Before the COVID-19 pandemic halted all travel, we found calm on Chole Mjini, Chole Island off the coast of Tanzania. Chole Mjini is a magical place that offers global visitors a unique experience. We need places like Chole to exist, particularly in our post-COVID-19 world. Here’s our story.
Chole is a life passion
Chole Mjini hotel is the life passion of Anne and Jean de Villiers. The couple was drawn to Chole many years ago by the dhows built on the island by fundis, rumored to be the best in East Africa. They raised their children there and have supported the local community over the years through the Chole Mjini Trust.
Chole Mjini is more like a castaway fantasy in a jungle, not so much like a hotel. In many respects, it reflects the quirky personality of its founders and owners who have a curious and worldly view of life. By the time we arrived at the island, the sun was setting across the water, and we could understand the allure.
The tree houses are unique
Our accommodation at Chole was out of the ordinary. The hotel rooms are built on towering baobab trees, made out of wood and run solely on solar energy. This means, you truly get to be in nature, but with comfort. You also get to completely disconnect in the treehouse. There is no wifi, no cellular signal in the treehouses. At the resort there are no vehicles at all, even on the island itself, no cars, no television, no noise. Just pure unadulterated nature. As I settled in that night, I was amazed at how at ease I felt high up in a tree, listening to the lapping of the ocean and the sounds of birds and other creatures. It did not take long for us to find calm at Chole. By the end of day one, we had left our city lives behind us. Barefoot and in our swimwear, shorts and hats, we unwound.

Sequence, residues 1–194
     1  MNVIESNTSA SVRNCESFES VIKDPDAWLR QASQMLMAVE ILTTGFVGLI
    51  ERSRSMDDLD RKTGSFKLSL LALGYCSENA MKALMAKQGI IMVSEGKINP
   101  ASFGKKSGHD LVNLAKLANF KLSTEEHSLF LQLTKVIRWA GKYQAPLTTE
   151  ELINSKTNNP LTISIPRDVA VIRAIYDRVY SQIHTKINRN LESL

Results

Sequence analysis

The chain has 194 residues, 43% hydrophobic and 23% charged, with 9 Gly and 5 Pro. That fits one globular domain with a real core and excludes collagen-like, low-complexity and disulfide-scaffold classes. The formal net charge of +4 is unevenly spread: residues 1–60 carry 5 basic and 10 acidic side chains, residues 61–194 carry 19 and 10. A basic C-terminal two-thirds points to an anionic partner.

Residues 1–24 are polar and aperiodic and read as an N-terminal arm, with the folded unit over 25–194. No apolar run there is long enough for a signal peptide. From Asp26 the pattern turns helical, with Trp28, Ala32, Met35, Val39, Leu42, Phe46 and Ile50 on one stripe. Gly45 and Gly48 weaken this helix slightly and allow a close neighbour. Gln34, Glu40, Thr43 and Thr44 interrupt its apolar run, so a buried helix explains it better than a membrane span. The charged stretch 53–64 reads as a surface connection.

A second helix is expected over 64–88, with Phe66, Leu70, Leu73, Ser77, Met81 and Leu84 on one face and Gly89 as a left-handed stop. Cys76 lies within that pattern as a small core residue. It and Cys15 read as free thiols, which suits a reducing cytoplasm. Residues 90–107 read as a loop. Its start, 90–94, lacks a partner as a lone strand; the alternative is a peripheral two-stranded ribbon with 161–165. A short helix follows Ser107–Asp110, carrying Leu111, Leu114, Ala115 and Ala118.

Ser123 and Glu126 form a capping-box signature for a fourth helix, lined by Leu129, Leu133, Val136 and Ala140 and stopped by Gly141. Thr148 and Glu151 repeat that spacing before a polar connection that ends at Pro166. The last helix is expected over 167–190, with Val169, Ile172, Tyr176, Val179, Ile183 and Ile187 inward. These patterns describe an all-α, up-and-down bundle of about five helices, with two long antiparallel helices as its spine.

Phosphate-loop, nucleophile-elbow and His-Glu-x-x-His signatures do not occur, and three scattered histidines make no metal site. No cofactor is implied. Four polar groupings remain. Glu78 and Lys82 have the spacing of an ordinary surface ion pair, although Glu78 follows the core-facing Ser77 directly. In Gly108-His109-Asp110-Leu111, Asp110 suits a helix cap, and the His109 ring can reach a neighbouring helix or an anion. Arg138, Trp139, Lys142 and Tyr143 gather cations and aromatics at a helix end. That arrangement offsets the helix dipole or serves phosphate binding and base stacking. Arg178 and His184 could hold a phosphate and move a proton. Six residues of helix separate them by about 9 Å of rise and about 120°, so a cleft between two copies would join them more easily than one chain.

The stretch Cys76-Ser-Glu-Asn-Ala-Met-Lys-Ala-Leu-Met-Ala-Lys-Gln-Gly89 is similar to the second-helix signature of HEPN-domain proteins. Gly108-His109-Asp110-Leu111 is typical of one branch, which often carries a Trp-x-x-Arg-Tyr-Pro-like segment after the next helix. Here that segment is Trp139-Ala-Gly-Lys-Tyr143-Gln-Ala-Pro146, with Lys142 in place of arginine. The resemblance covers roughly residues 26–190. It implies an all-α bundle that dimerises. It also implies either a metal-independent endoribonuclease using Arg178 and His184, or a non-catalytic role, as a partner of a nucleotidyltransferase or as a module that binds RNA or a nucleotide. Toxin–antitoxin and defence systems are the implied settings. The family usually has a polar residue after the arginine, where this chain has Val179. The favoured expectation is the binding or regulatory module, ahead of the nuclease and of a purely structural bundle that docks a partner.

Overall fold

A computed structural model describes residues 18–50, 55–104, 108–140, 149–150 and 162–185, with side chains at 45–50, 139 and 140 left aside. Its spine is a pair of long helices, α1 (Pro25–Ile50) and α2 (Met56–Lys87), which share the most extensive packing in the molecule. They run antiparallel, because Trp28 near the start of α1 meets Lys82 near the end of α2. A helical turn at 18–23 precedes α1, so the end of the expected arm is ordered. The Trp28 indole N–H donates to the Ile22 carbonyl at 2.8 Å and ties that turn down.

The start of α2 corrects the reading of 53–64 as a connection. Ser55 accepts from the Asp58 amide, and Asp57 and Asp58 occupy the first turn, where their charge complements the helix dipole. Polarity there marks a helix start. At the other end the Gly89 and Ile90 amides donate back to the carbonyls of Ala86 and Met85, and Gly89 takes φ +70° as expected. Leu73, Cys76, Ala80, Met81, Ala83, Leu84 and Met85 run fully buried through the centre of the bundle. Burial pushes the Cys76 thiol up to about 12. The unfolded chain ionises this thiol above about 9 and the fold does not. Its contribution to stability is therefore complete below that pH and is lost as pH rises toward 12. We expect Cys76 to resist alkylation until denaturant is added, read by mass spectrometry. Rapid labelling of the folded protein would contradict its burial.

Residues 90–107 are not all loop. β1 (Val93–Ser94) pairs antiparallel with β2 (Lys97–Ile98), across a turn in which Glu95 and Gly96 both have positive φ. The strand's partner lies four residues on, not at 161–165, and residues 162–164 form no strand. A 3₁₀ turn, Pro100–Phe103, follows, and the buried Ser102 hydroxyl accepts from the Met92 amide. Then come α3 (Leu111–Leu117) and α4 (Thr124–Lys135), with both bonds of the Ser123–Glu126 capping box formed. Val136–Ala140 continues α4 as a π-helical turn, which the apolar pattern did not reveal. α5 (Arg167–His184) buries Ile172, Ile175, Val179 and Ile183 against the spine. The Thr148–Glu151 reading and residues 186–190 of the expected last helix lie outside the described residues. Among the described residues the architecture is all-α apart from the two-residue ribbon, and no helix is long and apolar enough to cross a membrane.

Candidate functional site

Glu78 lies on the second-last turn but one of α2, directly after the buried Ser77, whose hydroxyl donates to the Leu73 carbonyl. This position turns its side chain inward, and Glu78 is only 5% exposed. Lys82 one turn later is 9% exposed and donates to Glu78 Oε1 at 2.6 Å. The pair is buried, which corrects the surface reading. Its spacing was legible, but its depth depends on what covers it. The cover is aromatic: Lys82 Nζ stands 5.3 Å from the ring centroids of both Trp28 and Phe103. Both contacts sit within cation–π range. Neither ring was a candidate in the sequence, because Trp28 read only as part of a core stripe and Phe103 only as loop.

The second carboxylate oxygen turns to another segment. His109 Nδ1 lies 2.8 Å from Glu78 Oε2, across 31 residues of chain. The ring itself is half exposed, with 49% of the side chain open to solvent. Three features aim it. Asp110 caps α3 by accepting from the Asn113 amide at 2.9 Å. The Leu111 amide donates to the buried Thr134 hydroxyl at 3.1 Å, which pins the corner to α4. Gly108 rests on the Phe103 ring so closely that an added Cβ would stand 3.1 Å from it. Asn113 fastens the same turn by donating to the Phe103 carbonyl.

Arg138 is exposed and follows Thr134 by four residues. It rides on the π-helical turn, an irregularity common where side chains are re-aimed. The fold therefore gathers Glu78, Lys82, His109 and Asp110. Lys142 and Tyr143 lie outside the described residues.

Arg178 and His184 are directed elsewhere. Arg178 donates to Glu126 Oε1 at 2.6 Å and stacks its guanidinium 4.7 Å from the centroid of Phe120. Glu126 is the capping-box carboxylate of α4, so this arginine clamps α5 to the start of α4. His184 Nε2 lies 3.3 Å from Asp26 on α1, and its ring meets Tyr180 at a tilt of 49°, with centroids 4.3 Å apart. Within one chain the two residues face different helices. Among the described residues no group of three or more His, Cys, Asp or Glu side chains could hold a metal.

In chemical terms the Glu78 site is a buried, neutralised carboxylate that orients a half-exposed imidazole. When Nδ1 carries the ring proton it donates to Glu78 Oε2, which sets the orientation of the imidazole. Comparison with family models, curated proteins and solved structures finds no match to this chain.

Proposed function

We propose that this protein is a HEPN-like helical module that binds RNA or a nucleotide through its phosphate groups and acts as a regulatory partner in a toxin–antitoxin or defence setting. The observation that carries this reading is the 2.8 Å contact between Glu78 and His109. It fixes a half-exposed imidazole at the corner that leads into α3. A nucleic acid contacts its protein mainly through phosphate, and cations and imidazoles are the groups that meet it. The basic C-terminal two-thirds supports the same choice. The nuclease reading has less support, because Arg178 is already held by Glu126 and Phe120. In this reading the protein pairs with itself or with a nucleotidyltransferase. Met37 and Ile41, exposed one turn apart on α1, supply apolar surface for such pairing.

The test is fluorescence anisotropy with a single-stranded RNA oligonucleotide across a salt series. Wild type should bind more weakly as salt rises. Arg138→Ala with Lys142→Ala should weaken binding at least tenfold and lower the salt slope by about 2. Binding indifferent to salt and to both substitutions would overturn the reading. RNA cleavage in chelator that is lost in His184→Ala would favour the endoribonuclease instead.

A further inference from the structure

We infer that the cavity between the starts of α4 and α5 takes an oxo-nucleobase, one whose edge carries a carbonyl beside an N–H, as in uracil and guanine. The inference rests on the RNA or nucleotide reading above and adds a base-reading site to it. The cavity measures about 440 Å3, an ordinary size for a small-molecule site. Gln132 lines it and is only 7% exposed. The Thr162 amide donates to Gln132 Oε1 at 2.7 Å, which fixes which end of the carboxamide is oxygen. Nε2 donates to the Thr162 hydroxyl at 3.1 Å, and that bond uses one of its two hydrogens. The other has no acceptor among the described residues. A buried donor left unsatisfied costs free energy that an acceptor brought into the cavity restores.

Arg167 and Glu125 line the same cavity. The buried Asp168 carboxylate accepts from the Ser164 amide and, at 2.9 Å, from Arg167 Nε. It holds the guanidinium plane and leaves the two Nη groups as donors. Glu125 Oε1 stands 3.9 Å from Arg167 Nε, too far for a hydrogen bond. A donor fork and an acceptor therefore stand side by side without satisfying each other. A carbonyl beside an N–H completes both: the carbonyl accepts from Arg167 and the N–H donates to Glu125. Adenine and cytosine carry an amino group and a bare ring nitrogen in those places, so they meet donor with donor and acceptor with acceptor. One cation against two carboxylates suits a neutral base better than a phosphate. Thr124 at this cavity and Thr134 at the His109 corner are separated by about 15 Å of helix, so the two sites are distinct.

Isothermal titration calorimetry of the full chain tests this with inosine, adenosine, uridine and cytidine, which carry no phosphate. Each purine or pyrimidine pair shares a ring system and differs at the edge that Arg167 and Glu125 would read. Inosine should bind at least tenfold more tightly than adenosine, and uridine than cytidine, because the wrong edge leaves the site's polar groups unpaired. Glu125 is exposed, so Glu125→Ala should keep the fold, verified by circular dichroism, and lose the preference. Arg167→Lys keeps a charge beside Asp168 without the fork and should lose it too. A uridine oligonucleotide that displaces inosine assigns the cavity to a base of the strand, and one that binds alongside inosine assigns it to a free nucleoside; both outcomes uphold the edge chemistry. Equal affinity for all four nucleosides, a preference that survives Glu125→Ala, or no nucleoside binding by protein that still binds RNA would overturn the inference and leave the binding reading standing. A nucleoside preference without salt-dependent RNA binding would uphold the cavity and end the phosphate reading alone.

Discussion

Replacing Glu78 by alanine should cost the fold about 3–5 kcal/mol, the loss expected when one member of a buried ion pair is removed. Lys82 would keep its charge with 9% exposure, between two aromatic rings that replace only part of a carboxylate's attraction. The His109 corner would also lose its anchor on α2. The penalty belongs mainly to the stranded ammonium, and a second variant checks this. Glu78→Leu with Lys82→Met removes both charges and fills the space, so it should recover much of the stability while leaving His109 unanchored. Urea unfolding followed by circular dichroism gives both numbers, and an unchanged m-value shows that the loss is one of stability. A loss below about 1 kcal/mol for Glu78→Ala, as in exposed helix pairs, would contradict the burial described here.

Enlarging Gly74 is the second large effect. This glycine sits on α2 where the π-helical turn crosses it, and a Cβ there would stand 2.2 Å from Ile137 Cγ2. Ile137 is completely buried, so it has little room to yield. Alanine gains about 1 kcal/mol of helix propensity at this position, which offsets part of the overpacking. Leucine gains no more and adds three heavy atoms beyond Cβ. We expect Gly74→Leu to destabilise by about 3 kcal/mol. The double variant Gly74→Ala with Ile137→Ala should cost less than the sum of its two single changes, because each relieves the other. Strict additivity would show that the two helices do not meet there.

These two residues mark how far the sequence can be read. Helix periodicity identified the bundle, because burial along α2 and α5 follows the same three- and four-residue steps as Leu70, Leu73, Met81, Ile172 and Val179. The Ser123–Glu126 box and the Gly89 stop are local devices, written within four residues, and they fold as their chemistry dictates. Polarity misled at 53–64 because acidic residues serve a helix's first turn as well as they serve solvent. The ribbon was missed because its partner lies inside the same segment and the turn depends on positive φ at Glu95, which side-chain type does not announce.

Retreat to an island
Anne explained: “We decided to move to Chole for a year or two and build the kind of place that we would have liked to find upon first arriving in such a beautiful place. Something simple, yet at the same time elegant and comfortable. We wanted it to be appropriate for the site. To blend in with the bush, ruins, and mangrove forest, to be open to nature, but still secure and able to withstand the occasional tropical storm. We also wanted it to reflect ourselves, the kind of people we think we are, or would like to be.”
The couple used the island’s resources to build the retreat, which is made up of a series of tree houses. Each tree house took from six months to a year to complete. They were built completely by hand, using traditional tools, and materials sourced only from traders living on Chole.
A journey of calm on Chole
It’s not easy for most people to accept the idea of having a complete, unconditional break from daily life. During our stay we let go of our cellphones and laptops in favor of books, long walks, swims and naps. After breakfast each day, there was a choice of yoga or another form of physical activity. We had a great morning on a stand-up paddle. Afternoons were left open for rest. Dinner and conversation were always lively and shared with other guests. Our food was wholesome and healthy. No dieting, rather a focus on eating well from local produce. The fish was sublime, freshly caught and a surprise each day.
By day four we were all really in a place of beautiful calm. And on this day we were to experience something incredible.
A once-in-a-lifetime experience
At breakfast, Jean told us there had been a sighting of whale sharks. An accomplished diver and teacher, Jean also owns Kitu Kiblu, which offers half-day encounter trips, allowing visitors to interact with whale sharks in a safe, relaxed, and respectful way. It wasn’t quite whale shark season yet, so it was a unique opportunity for us. To prepare ourselves, Jean gave us lessons on free diving, and shared techniques for our swim with the shark.